I didn’t mean to take until the end of the week to blog about the Riverside Art Market that I did last Saturday, but I’ve been a busy bee, and frankly was having a hard time wanting to blog about this show. So I’m going to be short and sweet about it: the organizers did a great job organizing and helping, but they expanded this show greatly from last year, and I feel that it now isn’t a show I’d like to do again. They had lots of artists inside the beautiful museum, and last year they had about 10 artists in tents outside on their front lawn. This year they added another 15 artists tents and put us on the sidewalk and in a parking lot across a very busy street from the musuem. Most of the folks who stopped by the booth were the folks from the Museum that either work their or were a volunteer for their Art Alliance, and these were great people to talk with and sell to. However, the rest of the folks were mostly people who seemed to be walking down the street and were happy to stop in my booth while waiting for the light to change, but I don’t think I need to tell you that those folks aren’t usually prepared to stop and learn and possibly purchase art! I’m glad I did the show as I’ve made some new contacts in a new city at a new museum, and that’s great. But this show emphasizes to me how important the surroundings are to me! (Usually the shows I participate in are in a pretty green park or park-like setting).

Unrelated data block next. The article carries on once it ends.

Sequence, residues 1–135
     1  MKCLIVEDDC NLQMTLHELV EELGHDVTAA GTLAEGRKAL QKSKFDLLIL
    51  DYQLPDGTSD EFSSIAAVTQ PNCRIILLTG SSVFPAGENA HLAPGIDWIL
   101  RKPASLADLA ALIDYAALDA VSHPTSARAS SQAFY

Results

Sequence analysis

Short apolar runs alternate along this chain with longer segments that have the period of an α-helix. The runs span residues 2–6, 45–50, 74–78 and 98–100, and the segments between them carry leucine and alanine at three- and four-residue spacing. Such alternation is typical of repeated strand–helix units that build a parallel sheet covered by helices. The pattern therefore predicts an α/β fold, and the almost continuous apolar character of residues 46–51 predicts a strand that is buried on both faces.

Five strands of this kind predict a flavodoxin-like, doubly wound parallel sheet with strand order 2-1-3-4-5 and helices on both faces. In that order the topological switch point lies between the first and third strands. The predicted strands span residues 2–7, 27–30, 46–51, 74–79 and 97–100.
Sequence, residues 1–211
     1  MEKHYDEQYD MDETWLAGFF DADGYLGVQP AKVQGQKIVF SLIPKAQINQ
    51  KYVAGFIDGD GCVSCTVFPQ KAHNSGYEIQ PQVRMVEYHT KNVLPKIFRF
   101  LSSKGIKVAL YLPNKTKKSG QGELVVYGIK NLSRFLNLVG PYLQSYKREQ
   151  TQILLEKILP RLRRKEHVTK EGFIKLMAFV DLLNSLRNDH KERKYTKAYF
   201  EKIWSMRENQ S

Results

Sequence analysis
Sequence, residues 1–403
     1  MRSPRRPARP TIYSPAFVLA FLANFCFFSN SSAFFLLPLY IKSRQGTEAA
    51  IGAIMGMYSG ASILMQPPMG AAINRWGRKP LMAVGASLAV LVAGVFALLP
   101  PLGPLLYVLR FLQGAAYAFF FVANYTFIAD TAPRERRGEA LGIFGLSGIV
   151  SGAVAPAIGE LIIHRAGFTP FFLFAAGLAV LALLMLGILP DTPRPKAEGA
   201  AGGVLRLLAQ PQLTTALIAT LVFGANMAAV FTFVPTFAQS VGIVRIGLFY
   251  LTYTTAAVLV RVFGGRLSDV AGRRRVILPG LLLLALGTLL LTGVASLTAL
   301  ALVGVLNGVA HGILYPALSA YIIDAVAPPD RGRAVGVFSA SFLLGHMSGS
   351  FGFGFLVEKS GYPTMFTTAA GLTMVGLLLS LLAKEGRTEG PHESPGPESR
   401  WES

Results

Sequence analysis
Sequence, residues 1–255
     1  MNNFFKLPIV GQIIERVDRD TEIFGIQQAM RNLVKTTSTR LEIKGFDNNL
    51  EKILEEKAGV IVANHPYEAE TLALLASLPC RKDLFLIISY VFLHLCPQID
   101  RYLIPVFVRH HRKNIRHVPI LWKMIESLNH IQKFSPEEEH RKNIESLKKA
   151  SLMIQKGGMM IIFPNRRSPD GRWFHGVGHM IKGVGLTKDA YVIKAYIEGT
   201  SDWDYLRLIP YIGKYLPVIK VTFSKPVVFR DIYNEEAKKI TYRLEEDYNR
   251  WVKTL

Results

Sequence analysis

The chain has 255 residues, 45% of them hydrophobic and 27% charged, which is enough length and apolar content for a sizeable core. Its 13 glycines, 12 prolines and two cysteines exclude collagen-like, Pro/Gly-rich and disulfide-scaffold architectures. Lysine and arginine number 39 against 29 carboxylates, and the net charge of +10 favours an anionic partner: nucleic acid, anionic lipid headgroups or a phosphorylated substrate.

In the end, I made a fair amount of sales (not proportionate to what the booth fee was, but still it wasn’t a total loss) and was happy to put my feet up at the end of the day!
Oh darn! Those fairs involve such a lot of of effort – for the preparation of products and then a day or two of your valuable time, it is disheartening when they don’t live up to expectations.
I have friends who run a fibre art product business and they have decreased the number of fairs they are going to. Quite frankly, some of the organisers get greedy and either cram too many stalls into the space, or change where they had agreed stalls would be. If there’s not a reasonable profit in it, you have to be making good contacts you wouldn’t otherwise be able to, to justify it.
I have stopped doing outside shows.. getting a bit older for all the work.. Last time it was in the dirt, knowing this I bought some painters canvas, samples of house paint and threw paint at the canvas. then the only thing I had to make sure of is that people did not trip. Everyone liked my “floor Cloth” so much, I was sorry I did not buy more and do the same thing and put them for sale. I could have cut pieces of the painted canvas and sold them and made some money that day… however, it did keep the dust and dirt down… but that was the last outdoor show I participated in. As I tell the artists at the gallery it is not our art, it is the lack of people coming thru the door..with intentions to buy.